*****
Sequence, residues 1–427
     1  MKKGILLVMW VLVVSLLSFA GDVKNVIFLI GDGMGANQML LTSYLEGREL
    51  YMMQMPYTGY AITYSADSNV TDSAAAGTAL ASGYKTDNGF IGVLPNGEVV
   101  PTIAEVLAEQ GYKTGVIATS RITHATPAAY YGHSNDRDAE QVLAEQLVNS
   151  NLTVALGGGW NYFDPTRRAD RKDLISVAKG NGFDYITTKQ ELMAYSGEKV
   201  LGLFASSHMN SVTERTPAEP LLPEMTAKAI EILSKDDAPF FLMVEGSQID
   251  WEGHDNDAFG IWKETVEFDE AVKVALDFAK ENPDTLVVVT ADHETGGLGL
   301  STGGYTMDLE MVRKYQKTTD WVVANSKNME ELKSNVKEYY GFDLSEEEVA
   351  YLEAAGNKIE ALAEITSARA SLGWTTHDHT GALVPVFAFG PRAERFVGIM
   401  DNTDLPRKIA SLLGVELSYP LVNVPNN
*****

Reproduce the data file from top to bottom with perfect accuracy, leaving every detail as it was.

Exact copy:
Sequence, residues 1–427
     1  MKKGILLVMW VLVVSLLSFA GDVKNVIFLI GDGMGANQML LTSYLEGREL
    51  YMMQMPYTGY AITYSADSNV TDSAAAGTAL ASGYKTDNGF IGVLPNGEVV
   101  PTIAEVLAEQ GYKTGVIATS RITHATPAAY YGHSNDRDAE QVLAEQLVNS
   151  NLTVALGGGW NYFDPTRRAD RKDLISVAKG NGFDYITTKQ ELMAYSGEKV
   201  LGLFASSHMN SVTERTPAEP LLPEMTAKAI EILSKDDAPF FLMVEGSQID
   251  WEGHDNDAFG IWKETVEFDE AVKVALDFAK ENPDTLVVVT ADHETGGLGL
   301  STGGYTMDLE MVRKYQKTTD WVVANSKNME ELKSNVKEYY GFDLSEEEVA
   351  YLEAAGNKIE ALAEITSARA SLGWTTHDHT GALVPVFAFG PRAERFVGIM
   401  DNTDLPRKIA SLLGVELSYP LVNVPNN